Search this blog

January 2, 2011

Morocco Part 1: The People

Fayçal, Amin, Emily, me and Hattim visiting a fez factory in Fès

It's a bit complicated how I ended up in Morocco this winter. I originally had other plans for my two-week winter break, and when those fell through I tried in vain to latch onto other assistants' holiday voyages. I was relating my woes to Emily, an assistant in Angers who I'd never actually met in real before, and she said her plans had similarly gone bust and she was thinking about heading to Fès to visit her friend Fayçal.

Fayçal ended up being an incredible host. Together with his friend Hattim, who lodged us, and various family members and friends, he made sure we got an authentic view of Moroccan life.

I've never before experienced hospitality like what we encountered in Fès. I had only the most tenuous of connections to Fayçal, yet his family and friends welcomed me as if I were an old friend. His parents hosted us for three delicious, elaborate meals (more on that in a later post), one of which was to celebrate the 16th birthday of Fayçal's sister Boutaina. I came as a stranger and left feeling like one of them.

Fayçal, Boutaina, Mama Bouzoubaa, Amin, Papa Bouzoubaa, Hattim, and little Wael in their home.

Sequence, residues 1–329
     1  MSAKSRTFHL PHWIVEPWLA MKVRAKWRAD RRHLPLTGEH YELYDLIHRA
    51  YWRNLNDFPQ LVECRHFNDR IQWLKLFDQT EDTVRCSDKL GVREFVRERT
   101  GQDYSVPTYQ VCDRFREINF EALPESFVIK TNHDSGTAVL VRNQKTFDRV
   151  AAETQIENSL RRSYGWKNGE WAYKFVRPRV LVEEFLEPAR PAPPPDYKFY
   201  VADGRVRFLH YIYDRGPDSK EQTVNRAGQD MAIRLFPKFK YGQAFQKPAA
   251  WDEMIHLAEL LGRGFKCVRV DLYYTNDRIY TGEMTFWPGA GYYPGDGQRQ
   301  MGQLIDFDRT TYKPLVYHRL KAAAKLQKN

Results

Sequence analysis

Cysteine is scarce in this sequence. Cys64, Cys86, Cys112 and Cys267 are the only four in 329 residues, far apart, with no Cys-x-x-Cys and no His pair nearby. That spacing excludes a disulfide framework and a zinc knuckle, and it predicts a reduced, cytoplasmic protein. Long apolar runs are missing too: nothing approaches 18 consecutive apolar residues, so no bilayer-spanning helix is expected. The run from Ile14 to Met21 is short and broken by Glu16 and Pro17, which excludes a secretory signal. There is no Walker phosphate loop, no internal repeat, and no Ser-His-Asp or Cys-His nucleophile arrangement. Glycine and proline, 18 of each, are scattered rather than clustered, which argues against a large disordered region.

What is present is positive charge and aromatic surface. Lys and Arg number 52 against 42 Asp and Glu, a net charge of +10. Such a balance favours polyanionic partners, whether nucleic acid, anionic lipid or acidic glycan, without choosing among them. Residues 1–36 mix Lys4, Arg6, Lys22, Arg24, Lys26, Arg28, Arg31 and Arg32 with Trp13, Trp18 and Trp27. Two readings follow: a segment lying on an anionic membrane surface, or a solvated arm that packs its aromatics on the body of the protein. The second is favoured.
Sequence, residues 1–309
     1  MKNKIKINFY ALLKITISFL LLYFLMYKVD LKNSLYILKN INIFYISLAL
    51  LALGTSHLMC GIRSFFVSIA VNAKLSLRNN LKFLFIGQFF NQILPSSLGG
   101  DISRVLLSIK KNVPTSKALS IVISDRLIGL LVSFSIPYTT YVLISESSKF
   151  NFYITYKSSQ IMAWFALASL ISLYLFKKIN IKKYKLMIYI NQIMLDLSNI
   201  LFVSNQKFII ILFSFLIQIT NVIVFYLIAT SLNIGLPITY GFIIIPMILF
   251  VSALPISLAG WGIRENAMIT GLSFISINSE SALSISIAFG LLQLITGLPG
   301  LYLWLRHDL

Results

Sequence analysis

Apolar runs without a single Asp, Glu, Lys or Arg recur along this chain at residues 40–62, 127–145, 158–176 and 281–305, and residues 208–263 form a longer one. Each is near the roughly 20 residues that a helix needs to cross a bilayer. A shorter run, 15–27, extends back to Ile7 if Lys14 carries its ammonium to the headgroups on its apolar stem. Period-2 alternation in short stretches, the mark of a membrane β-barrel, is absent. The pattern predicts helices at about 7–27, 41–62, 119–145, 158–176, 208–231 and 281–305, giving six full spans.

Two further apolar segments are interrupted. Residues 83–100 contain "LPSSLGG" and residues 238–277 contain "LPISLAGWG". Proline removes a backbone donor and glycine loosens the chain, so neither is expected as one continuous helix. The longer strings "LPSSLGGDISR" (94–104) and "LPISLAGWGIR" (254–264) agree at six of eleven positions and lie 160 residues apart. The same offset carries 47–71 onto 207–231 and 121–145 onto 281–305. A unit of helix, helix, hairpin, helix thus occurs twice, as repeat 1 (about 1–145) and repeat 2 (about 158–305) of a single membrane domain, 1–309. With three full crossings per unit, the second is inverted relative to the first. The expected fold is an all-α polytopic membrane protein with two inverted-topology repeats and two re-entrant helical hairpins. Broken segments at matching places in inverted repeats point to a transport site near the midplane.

It wasn't just the Bouzabaa family that welcomed us. As we walked through Fès' ancient market streets one day, we ran into a man we'd briefly encountered playing a traditional Moroccan instrument in an alley of the Medina a few days earlier. Without hesitation, he invited us to partake in some "Berber whiskey": the delicious mint tea that's ubiquitous in Morocco.

Emily and I had some trouble communicating to a taxi driver the name of a café where we were meeting our friends. We went back to the restaurant where we had lunch, and the host there used a payphone to call Hattim on his own dime, and then accompanied us to a taxi so he could explain to the driver in Arabic where we needed to go. Like, who does that?

Also, I spied several people wearing this fantastical cloak with a pointed hood, like they were straight out of Whoville or something:

Man they're cool. My biggest Moroccan regret is not buying one.

1 comment:

  1. Great post! Thank you for sharing.